MEXICO CITY (Dow Jones Newswires), Mar. 20, 2009
Mexico's state-run oil monopoly has a horrid track record on production, but this week Petroleos Mexicanos is toasting strong results from its exploration campaign.
In 2008, proven oil reserves only fell 2.7% to 14.3 billion barrels of oil equivalent, thanks to discoveries and success at mapping out additional oil supplies at the company's active fields. In 2007, proven reserves, or oil that can be recovered with existing technology, fell 5.2%.
During a Friday conference call, Pemex's head of exploration and production, Carlos Morales, said the company is on target to replace all the oil it produces by 2012. For 2008, the replacement rate stood at 72%, up from 50% in 2007.
"We will continue to increase that number," said Morales.
This means Mexico still has a vast treasure chest of oil and natural gas fields, even though output is currently in free fall. Last year, crude production slipped 9.2% to less than 2.8 million barrels a day, and oil experts expect it to fall at a similar rate this year.
The problem is that Pemex relied on one field, Cantarell, for years. Now Cantarell, which provided 62% of total production in 2004, is suffering from old age and Pemex is struggling to bring new fields on line to compensate. Last year, average Cantarell production fell by a third to 1 million barrels a day.
This means Pemex will have to work a lot harder to get the same volumes of crude production from less prolific reservoirs.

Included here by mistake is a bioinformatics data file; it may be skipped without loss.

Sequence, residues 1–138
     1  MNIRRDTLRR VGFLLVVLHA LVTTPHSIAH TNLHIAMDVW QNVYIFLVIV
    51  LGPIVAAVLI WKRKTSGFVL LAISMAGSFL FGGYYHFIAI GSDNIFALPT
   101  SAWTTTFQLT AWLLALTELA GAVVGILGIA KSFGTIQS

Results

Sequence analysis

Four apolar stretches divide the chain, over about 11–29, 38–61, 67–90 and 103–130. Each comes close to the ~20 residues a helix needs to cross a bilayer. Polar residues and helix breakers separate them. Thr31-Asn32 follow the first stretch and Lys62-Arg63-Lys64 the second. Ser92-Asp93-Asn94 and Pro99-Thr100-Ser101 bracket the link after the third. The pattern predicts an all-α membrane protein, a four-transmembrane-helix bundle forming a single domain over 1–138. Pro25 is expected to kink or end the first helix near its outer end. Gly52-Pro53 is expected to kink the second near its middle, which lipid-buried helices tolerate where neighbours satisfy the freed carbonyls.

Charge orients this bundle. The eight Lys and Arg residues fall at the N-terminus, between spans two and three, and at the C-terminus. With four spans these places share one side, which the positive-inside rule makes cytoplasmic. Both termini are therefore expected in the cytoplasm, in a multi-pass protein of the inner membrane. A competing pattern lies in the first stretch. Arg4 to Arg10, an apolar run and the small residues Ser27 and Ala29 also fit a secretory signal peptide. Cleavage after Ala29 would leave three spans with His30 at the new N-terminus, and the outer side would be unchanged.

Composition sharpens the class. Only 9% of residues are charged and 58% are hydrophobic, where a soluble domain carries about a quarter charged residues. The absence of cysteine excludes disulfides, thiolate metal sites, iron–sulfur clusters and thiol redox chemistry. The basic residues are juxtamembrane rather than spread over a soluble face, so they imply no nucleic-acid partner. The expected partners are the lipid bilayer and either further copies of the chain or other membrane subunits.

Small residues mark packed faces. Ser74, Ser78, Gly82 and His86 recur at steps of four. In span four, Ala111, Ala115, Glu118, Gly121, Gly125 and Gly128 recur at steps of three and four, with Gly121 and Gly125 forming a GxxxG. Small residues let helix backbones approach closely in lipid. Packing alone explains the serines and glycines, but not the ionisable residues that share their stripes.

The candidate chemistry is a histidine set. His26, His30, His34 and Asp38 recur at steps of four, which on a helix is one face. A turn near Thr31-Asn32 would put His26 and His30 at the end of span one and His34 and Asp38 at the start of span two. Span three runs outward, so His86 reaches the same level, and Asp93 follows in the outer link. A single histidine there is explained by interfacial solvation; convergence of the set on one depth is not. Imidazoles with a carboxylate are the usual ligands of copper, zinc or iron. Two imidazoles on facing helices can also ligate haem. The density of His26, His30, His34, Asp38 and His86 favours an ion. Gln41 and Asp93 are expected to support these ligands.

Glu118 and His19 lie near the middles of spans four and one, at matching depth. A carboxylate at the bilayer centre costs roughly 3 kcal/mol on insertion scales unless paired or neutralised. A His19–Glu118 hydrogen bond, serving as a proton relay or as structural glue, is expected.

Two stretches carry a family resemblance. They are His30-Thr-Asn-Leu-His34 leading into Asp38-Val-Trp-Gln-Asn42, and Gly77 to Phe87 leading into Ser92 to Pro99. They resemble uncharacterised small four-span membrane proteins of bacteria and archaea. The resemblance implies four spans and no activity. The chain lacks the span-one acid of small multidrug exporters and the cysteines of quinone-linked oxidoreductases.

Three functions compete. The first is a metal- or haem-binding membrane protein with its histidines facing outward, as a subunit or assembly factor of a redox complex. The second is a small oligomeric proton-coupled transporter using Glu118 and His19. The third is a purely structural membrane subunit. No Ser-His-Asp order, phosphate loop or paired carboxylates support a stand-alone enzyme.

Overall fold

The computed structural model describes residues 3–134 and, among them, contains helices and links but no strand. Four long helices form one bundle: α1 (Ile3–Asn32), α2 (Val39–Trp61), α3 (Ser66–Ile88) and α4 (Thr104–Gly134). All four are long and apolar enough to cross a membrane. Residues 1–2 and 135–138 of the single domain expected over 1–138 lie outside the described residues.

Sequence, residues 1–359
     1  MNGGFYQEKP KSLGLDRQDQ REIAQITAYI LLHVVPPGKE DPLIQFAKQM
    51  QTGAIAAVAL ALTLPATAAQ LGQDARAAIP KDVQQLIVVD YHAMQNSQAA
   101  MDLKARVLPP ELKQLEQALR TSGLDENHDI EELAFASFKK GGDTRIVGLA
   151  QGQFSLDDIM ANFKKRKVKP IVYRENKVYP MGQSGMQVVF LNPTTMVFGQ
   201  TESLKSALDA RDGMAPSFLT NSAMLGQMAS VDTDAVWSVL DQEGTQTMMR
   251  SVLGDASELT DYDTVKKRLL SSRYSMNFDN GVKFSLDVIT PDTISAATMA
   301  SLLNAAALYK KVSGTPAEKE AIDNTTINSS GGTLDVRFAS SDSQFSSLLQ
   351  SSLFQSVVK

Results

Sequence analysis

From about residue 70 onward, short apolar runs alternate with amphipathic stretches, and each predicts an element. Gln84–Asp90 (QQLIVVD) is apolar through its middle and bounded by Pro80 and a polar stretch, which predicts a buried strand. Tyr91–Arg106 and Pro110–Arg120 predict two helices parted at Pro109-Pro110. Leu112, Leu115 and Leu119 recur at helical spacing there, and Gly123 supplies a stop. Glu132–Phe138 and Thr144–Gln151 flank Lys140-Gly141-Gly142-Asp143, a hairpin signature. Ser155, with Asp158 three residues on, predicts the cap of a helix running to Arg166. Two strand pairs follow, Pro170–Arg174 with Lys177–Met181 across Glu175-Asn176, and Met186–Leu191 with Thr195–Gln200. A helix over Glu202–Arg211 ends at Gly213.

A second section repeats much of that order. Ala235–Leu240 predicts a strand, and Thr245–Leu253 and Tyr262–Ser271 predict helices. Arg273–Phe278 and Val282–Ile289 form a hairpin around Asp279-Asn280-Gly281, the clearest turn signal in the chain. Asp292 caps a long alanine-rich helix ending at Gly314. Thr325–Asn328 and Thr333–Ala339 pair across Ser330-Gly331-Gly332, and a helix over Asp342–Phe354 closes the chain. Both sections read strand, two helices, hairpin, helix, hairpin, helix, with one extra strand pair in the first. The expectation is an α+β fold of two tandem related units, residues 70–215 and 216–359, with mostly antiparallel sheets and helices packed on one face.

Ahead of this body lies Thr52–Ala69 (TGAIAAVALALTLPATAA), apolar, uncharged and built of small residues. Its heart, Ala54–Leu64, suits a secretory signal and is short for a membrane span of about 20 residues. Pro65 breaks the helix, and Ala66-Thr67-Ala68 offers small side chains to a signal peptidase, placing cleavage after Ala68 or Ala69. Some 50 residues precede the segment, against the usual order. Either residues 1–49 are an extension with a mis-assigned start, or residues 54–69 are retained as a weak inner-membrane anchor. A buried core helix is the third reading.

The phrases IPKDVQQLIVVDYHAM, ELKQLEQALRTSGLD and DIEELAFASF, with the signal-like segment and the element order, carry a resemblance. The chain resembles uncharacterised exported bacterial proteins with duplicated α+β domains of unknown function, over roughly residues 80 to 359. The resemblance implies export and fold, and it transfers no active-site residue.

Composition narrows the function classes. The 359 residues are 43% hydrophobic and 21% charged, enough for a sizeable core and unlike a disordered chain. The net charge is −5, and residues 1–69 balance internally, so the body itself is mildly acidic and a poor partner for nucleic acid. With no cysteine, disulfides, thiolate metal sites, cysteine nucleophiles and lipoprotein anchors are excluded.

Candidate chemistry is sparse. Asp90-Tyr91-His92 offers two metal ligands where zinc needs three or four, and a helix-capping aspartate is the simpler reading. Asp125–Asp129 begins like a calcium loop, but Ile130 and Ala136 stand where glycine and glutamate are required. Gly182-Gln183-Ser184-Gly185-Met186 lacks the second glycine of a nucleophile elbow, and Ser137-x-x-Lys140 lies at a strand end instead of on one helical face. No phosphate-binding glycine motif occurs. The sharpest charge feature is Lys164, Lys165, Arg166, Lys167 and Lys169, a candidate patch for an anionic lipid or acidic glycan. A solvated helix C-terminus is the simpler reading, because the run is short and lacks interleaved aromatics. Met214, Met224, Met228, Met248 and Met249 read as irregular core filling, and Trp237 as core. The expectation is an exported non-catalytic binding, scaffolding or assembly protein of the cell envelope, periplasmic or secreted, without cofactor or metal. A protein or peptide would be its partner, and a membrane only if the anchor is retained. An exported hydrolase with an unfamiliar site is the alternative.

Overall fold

"Our discoveries are smaller than in the past; we are not finding fields like Cantarell or Ku Maloob Zaap," said Morales.
In January, Ku Maloob Zaap surpassed Cantarell as Mexico's largest producing field with 787,000 barrels a day. Recent discoveries do not come close. The biggest in 2008, the Ayatsil field, is only expected to produce 150,000 barrels a day at its peak.
Just the same, observers are impressed with the reserve figures.
"An increase in Pemex's reserve replacement rate to 72% is remarkable considering crude oil production has been continuously declining," said Gianna Bern, the president of Brookshire Advisory and Research Inc., an energy economics research and consulting firm in Flossmoor, Ill.
The 72% figure is somewhat misleading because Pemex is replacing a smaller volume of oil output. Morales said Pemex's replacement rate would have been 64% if output had remained stable last year, still an improvement on 2007.
It will take years for Pemex's discoveries to translate into incremental oil production. This week, the U.S. Energy Information Administration predicted Mexican output will fall 10% in 2009 and 7.4% in 2010.
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